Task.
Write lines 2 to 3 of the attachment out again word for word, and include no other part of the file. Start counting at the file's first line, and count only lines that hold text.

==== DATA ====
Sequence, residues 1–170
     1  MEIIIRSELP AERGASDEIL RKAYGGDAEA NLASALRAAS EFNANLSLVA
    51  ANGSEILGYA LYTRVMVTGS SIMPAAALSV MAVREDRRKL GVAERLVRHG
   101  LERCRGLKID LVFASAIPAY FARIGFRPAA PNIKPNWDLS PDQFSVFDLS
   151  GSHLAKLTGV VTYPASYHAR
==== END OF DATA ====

     1  MEIIIRSELP AERGASDEIL RKAYGGDAEA NLASALRAAS EFNANLSLVA
    51  ANGSEILGYA LYTRVMVTGS SIMPAAALSV MAVREDRRKL GVAERLVRHG